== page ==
BAKER v. LEAVITTAnnotate this Case
BAKER v. LEAVITT
1915 OK 1054
153 P. 1099
54 Okla. 70
Case Number: 5117
Supreme Court of Oklahoma
LEAVITT et al.
¶0 1. JUDGMENT-- Conclusiveness. A final judgment of a court of competent jurisdiction is conclusive between the parties and their privies in a subsequent action involving the same subject-matter, not only as to all matters actually litigated and determined in the former action, but as to all matters germane to issues which could or might have been litigated and determined therein.
2. SAME--Scope of Proceeding. The purpose of an action to quiet title, under section 6121, Comp. Laws 1909 (Rev. Laws 1910, sec. 4927), is to determine who is the real owner of the property and to put to rest all adverse claims. In such an action all matters affecting the title of the parties thereto may be litigated and determined, and the judgment rendered therein is final and conclusive as against the parties thereto and their privies.
3. LIS PENDENS--Right Acquired by Purchaser--Pendency of Action. One who purchases real property from a party to an action involving the title thereto, after the institution and during the pendency of such action, is bound by the judgment rendered therein against his grantor, and acquires no greater rights than his grantor.
Error from District Court, Wagoner County; R. C. Allen, Judge.
Action by Earl Baker against J. H. Leavitt and another. Judgment for defendants, and plaintiff brings error. Affirmed.
Blakeney & Maxey and Gustave A. Erixon, for plaintiff in error
Thos. H. Owen and Joseph C. Stone, for defendants in error
¶1 In January, 1913, the plaintiff in error, plaintiff below, commenced this action in the district court of Wagoner county, against the defendants in error, defendants below, and Dr. Ballard, to quiet title to certain real estate located in said county, and to enjoin the defendant J. E. Long, as sheriff of said county, from ejecting him from said premises. The parties occupy the same position here that they did in the trial court, and we shall refer to them accordingly. Plaintiff dismissed the action as to Ballard. The defendants Leavitt and Long interposed separate demurrers to the amended petition, which were sustained. Plaintiff stood upon his amended petition and declined to plead further. Whereupon judgment was rendered against him, dismissing said action at his cost, from which he has appealed.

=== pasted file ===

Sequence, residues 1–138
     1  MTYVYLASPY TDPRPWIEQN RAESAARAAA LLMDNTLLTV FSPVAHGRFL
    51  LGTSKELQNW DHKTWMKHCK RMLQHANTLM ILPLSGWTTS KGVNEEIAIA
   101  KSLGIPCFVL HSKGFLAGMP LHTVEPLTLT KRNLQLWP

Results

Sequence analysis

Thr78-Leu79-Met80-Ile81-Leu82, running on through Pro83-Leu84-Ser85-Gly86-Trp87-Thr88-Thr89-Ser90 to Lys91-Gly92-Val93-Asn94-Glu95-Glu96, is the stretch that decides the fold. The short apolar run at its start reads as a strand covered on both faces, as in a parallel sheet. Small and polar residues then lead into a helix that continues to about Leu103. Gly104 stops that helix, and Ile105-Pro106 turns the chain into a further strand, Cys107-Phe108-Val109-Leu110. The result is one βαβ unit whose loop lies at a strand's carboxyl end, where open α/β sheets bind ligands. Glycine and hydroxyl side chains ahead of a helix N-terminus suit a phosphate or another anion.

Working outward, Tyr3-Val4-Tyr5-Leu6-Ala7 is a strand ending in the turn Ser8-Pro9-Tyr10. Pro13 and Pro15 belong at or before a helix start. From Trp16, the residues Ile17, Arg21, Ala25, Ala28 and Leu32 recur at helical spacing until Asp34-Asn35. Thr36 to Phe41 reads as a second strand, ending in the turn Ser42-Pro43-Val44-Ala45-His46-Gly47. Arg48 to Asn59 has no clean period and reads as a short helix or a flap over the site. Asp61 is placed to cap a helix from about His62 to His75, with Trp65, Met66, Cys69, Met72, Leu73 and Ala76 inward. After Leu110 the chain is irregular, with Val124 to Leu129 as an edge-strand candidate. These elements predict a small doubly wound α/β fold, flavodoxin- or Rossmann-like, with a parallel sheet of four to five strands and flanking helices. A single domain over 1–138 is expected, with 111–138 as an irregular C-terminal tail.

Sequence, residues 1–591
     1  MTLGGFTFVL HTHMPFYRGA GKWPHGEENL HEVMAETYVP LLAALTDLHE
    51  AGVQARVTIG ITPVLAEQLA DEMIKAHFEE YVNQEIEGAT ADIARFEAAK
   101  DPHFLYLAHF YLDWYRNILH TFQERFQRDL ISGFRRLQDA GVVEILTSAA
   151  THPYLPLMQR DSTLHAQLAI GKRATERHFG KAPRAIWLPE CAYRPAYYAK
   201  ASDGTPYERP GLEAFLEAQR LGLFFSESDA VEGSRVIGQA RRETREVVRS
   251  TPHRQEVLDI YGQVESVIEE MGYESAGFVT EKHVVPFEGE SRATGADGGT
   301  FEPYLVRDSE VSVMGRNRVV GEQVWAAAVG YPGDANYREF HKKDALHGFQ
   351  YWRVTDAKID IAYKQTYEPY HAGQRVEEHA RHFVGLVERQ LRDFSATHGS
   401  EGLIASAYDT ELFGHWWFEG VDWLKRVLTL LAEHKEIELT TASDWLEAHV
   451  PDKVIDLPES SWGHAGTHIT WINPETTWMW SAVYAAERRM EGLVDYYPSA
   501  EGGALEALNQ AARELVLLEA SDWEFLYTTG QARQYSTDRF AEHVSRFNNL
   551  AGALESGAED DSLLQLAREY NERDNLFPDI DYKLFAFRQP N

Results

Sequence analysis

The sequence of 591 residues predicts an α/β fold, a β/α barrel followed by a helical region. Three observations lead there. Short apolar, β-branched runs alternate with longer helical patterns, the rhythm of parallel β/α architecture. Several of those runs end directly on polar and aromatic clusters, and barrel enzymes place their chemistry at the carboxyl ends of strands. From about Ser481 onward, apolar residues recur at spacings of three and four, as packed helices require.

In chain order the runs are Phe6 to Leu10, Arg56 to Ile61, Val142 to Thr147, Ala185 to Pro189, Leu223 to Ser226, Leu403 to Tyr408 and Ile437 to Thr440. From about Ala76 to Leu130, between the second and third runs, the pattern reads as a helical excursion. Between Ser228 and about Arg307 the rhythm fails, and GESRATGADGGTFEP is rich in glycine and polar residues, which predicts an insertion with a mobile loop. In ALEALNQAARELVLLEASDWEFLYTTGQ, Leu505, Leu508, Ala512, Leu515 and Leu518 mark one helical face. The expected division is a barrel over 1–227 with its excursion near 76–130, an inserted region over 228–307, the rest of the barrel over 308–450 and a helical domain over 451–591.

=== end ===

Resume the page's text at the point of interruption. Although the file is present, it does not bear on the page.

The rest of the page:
¶2 Ballard is a duly enrolled Creek freedman, and the land in controversy constitutes his surplus allotment. On October 22, 1907, he conveyed said land, by general warranty deed, to the defendant Leavitt. On January 27, 1908, he again conveyed said premises to the defendant Leavitt, by quitclaim deed. Both deeds were duly recorded. On July 27, 1908, Ballard also conveyed said land, by general warranty deed, to one Maggie Baker. This deed was recorded. Following this he executed five different deeds to her, conveying said land, all of which were recorded. In addition to the foregoing deeds, he made numerous deeds to other parties covering said land, subsequent to the date of the first deed to Leavitt.
¶3 In May, 1910, Ballard, through his guardian and next friend, commenced an action in said court against the defendant Leavitt, and the said Maggie Baker and others, to quit title to said premises, on the ground that he was a minor at the time he executed the various deeds under which they claimed. Personal service of summons was had upon Leavitt and Maggie Baker, and they both answered by general denial. Later, however, Leavitt filed an answer and cross-petition, setting up his deeds and claiming title thereunder, alleging that Ballard was of age at the time he executed them. Issues were joined, and on October 18, 1911, said cause was tried, resulting in a judgment in favor of the defendant Leavitt, decreeing that he was the owner of said land, under said deeds, and quieting and confirming his title to the same, as against all parties to said action, canceling the various deeds of the said Maggie Baker, including the deed of July 27, 1908, and enjoining the parties to said action, and all persons claiming by, through, or under them, or either of them, since the commencement of said action, from claiming or asserting any right, title, interest, lien, or estate in and to said lands, or any part thereof. It was also ordered and decreed in said judgment that all persons in possession of said premises vacate the same and surrender the possession thereof to the defendant Leavitt within ten days from the date of the rendition of said judgment. There was no appeal from this judgment. Maggie Baker did not appear either in person or by counsel upon the trial of said cause, and the court adjudged her in default, without cause. After the institution of this action, and during the pendency thereof, she conveyed said land to the plaintiff, Earl Baker, and this deed is the basis of his title. Copies of the pleadings and the judgment in the original action are attached to and made a part of plaintiff's amended petition in the case at bar. The trial court sustained the demurrers to plaintiff's amended petition, on the theory that he was precluded by the original judgment.
¶4 The only question presented is whether or not the amended petition states a cause of action, as against a general demurrer. In determining this question, two propositions present themselves: (1) Was the original judgment conclusive as between the defendant Leavitt and the said Maggie Baker? (2) If so, is the same conclusive upon the plaintiff; he having purchased said real estate from her during the pendency of said action?